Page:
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United States Department of Agriculture

Agricultural Research Service

Title: Transgenic Cereals: Hordeum Vulgare L.

Authors
item Lemaux, P. - UNIV. CALIF., BERKELEY
item Cho, M. - UNIV. CALIF., BERKELEY
item Zhang, S. - UNIV. CALIF., BERKELEY
item Bregitzer, Phil

Submitted to: Book Chapter
Publication Type: Review Article
Publication Acceptance Date: October 1, 1998
Publication Date: N/A

Interpretive Summary: The development of barley as a crop dates to the earliest agricultural activities of humans, and it remains one of the major cereals grown for feed and food, and for the production of beer. In this century, an understanding and application of quantitative genetic theory has created a genetically elite crop that is divergent from its ancestors. Further improvements in barley cultivars will depend on continued access to useful allelic variability. Sexual hybridization will continue to play a primary role in such improvement, but its utility is limited because potentially useful alleles are either linked to undesirable alleles or unavailable because of sexual incompatibility. The advent of molecular genetics and non-sexual gene transfer offers exciting opportunities to bypass these limitations. Recent developments have added barley to the list of major crops that are amenable to genetic manipulation via non- sexual gene transfer either directly (bombardment) or facilitated by Agrobacterium tumefaciens. However, significant problems remain, and include: 1) the lack of reproducible, efficient transformation systems for commercial germplasm; 2) the induction of stable genetic and epigenetic changes; and 3) transgene and transgene expression instability. In this chapter, we will discuss and describe the first systems used for the genetic transformation of barley, introduce and describe the development of new systems for barley transformation, and comment on past and future uses of barley transformation as a tool for basic science and commercial application.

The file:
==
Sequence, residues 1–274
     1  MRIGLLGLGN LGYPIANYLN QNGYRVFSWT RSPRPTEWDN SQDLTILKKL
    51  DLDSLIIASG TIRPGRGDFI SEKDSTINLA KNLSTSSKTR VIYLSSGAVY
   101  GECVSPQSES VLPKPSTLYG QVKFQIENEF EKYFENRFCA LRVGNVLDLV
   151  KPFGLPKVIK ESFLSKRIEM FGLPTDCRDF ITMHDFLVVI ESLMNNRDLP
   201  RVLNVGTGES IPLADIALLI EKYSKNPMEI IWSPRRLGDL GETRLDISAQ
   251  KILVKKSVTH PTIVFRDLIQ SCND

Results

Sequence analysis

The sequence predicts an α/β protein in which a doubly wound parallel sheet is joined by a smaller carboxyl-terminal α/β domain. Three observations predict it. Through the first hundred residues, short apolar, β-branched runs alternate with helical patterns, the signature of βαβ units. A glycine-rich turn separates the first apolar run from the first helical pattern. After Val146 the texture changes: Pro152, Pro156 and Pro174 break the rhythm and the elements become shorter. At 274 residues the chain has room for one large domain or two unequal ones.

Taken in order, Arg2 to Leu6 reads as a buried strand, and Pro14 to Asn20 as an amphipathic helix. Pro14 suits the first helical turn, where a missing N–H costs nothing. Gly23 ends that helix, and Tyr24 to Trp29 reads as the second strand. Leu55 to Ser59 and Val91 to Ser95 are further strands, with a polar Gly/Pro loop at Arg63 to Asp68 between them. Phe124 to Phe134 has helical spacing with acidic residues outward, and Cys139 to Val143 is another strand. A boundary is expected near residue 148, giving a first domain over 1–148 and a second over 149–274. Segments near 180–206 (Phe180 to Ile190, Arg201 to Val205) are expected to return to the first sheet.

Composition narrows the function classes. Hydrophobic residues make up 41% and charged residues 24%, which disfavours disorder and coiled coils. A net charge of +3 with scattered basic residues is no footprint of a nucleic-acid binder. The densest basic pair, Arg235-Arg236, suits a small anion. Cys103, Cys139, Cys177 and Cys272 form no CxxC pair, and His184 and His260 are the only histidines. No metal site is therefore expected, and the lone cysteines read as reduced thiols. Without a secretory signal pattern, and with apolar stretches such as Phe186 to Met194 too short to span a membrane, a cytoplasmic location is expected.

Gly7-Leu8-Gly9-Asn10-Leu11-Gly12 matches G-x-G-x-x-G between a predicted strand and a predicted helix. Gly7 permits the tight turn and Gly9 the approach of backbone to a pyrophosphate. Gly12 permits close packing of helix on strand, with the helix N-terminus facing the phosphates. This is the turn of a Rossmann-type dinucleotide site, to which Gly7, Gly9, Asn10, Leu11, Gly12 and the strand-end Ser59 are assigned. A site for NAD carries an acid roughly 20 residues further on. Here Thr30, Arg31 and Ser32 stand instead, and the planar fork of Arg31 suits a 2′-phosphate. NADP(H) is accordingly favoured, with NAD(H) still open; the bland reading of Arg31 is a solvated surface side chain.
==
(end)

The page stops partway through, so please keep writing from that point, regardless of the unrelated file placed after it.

Technical Abstract: The development of barley as a crop dates to the earliest agricultural activities of humans, and it remains one of the major cereals grown for feed and food, and for the production of beer. In this century, an understanding and application of quantitative genetic theory has created a genetically elite crop that is divergent from its ancestors. Further improvements in barley cultivars will depend on continued access to useful allelic variability. Sexual hybridization will continue to play a primary role in such improvement, but its utility is limited because potentially useful alleles are either linked to undesirable alleles or unavailable because of sexual incompatibility. The advent of molecular genetics and non-sexual gene transfer offers exciting opportunities to bypass these limitations. Recent developments have added barley to the list of major crops that are amenable to genetic manipulation via non- sexual gene transfer either directly (bombardment) or facilitated by Agrobacterium tumefaciens. However, significant problems remain, and include: 1) the lack of reproducible, efficient transformation systems for commercial germplasm; 2) the induction of stable genetic and epigenetic changes; and 3) transgene and transgene expression instability. In this chapter, we will discuss and describe the first systems used for the genetic transformation of barley, introduce and describe the development of new systems for barley transformation, and comment on past and future uses of barley transformation as a tool for basic science and commercial application.

Last Modified: 10/21/2014
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